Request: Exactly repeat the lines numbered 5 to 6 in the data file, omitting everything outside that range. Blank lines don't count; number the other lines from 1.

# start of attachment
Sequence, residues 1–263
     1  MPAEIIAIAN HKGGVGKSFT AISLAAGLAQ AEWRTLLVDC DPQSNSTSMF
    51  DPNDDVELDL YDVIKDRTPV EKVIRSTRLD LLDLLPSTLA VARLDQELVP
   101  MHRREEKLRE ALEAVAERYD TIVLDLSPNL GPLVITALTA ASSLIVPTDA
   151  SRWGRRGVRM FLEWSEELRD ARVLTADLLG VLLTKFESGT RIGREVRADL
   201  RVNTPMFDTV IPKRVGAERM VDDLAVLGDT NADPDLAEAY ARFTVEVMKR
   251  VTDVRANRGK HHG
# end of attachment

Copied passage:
   151  SRWGRRGVRM FLEWSEELRD ARVLTADLLG VLLTKFESGT RIGREVRADL
   201  RVNTPMFDTV IPKRVGAERM VDDLAVLGDT NADPDLAEAY ARFTVEVMKR